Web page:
However, there is still hope for all of your druglord clients. The IRS allows drug dealers to take a deduction for the cost of their goods sold. This means the drug dealer can deduct from their income the cost of the drug from their dealer or supplier to reduce some of their taxable income. The IRS even issued guidance, ILM 201504011, to assist drug dealers in trying to determine the cost of their goods sold.
If you are having trouble with the IRS, give our office a call at 816-524-4949 or visit our website at www.Hoorfarlaw.com.
Upcoming Tax Deadlines
November 13th, 2017
Here are some upcoming tax deadlines to be aware of:
March 15, 2018 – Partnership tax filing deadline
S Corp. tax filing deadline
April 17, 2018 – Individual tax filing deadline
IRA contribution deadline
C Corp. tax filing deadline
If you have tax issues and need assistance, contact our law office at 816-524-4949 or visit our website at Hoorfarlaw.com.
Don’t Hide Illegal Income
November 10th, 2017
Al Capone, one of the most notorious gangsters in American history, wasn’t convicted of murder, extortion, or any number of his other criminal activities. Instead, he was brought down because he didn’t pay his taxes. It was also a powerful reminder to his criminal counterparts; he was convicted in 1931 and that year more than double the amount of unpaid tax filings were submitted to the IRS than the prior year. His conviction was the result of a joint effort between the FBI and the IRS where they were able to follow the paper trail of Capone’s extensive, illegal business activities.
While he only served 7 years of his 10 year sentence, his time in jail was effectively a death sentence because he contracted syphilis in prison, suffered brain damage, went insane from infection, and at the time of his death he was said to have the mental capacity of a 12 year old.
If you need help filing your taxes, give us a call at 816-524-4949 or visit our website at www.Hoorfarlaw.com.
Crime Doesn’t Pay
November 8th, 2017
In another attempt to claim a deduction out of the ashes of a fire, a taxpayer attempted to deduct the cost of hiring his arsonist. This enterprising individual decided that insurance wasn’t good enough by itself. he decided to also attempt to cheat the government by deducting the $10,000 that he paid to the arsonist. The deduction was disallowed under the same set of rules that say that you can’t deduct illegal bribes, kickbacks, or other illegal payments.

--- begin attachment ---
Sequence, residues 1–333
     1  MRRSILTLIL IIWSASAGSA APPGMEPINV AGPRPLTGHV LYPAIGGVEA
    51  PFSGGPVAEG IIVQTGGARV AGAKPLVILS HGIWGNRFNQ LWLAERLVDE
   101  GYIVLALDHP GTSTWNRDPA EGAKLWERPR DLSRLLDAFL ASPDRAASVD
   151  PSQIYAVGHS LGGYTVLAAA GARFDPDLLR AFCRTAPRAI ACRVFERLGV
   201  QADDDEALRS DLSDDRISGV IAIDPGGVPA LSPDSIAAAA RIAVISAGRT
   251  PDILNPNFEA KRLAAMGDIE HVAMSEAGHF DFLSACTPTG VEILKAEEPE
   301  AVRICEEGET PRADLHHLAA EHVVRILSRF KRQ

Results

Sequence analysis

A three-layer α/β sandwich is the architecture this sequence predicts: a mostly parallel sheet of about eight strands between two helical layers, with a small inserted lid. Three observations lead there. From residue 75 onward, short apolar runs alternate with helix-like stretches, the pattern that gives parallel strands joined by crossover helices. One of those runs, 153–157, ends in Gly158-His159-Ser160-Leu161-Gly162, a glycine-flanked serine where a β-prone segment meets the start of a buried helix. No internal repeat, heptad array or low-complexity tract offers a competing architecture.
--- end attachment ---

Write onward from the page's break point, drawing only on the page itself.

If you need help with tax deduction give our office a call at 816-524-4949 or visit our website at www.Hoorfarlaw.com.
Losing your Bankruptcy Due to Not Following the Rules
November 7th, 2017
In order to file for bankruptcy, you need to follow all of the federal bankruptcy rules and regulations. Failure to follow the rules can land you in hot water. One couple lost their ability to erase their debts because they refused to give their bank statements to the bankruptcy trustee.
If you need assistance going through a bankruptcy, contact our law office at 816-524-4949 or visit our website at Hoorfarlaw.com.
Terminating a Parent’s Rights Due to Mental Illness
November 3rd, 2017
A parent’s rights to a child can be terminated if the parent’s mental disease causes harm to the child and no support is available to the parent.
If you need assistance protecting your rights to your child or children, contact our law office at 816-524-4949 or visit our website at Hoorfarlaw.com.
Suing for Injuries Incurred During a Sport
October 27th, 2017
Missouri law states that anyone who voluntarily plays a sport automatically assumes the liabilities, injuries, and dangers that naturally occur during the sport. A Missouri case recently stated that football players can expect to hit one another, but a football player does not expect to be tackled by his football coach.
If you believe you have suffered an injury and need legal representation, contact our law office at 816-524-4949 or visit our website at Hoorfarlaw.com.